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NCJRS Abstract

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NCJ Number: 228499 Find in a Library
Title: Reconstructing the Sequence of Events Surrounding Body Disposition Based on Color Staining of Bone
Journal: Journal of Forensic Sciences  Volume:54  Issue:5  Dated:September 2009  Pages:979-984
Author(s): Meaghan A. Huculak, H.B.Sc.; Tracy L. Rogers, Ph.D.
Date Published: September 2009
Page Count: 6
Publisher: http://www.wiley.com 
Type: Report (Study/Research)
Format: Article
Language: English
Country: United States of America
Annotation: This is the first study to use bone color in interpreting the sequence of events in body disposition, specifically the use of bone color staining to establish whether bone that has been buried then subsequently dug up and left on the ground’s surface can be distinguished from bone that has been left on the surface and later buried.
Abstract: Five main bone surface colors were attributed to soil, sun, hemolysis, decomposition, and fungi. The presence of fungi on buried bones suggests a prior period of surface exposure. Cross-sections of bone that had been buried without any period of surface exposure were identical to the color of bones that had been initially buried and then subsequently exposed to surface elements. Minimal color staining was linked to the decomposition of excess tissue. The study proposes further research that will include two additional scenarios, simple burial and surface deposition, for comparison. Further, additional research should increase the time allotted for burial and surface exposure in order to determine how long it takes for bone to become sun-bleached and surface-stained, whether color staining is able to penetrate the cortex, and whether the patterns observed in the limited time frame of 4 weeks for each form of disposition is maintained in bone that is exposed to extended periods of sun bleaching and soil staining. Several other research suggestions are offered as well. Forty juvenile pig humeri with minimal tissue were used in each scenario, with an additional 20 controls used to determine whether decomposing tissue affected bone color. Munsell Color Charts were used to record color of bone surface and 2.5 cm cross-sections. 2 tables, 5 figures, and 26 references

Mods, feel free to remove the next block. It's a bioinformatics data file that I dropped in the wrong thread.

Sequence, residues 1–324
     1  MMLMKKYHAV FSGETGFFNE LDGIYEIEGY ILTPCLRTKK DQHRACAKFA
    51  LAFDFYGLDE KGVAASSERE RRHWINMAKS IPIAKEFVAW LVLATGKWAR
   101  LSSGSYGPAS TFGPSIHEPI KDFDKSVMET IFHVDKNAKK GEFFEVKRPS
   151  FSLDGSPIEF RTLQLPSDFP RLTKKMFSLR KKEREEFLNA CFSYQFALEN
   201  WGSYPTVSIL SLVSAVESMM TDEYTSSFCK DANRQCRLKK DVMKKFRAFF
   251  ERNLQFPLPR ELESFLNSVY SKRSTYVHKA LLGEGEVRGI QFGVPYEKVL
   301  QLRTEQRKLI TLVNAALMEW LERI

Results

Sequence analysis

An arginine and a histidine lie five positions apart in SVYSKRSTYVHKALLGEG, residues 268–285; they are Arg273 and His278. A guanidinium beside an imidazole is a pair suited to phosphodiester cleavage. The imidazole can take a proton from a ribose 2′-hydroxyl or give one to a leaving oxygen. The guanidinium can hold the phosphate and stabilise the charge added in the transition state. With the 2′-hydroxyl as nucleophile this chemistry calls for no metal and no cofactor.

Main Term(s): Criminology
Index Term(s): Bone analysis; Death investigations; Forensic sciences; Investigative techniques
To cite this abstract, use the following link:
http://www.ncjrs.gov/App/publications/abstract.aspx?ID=250518

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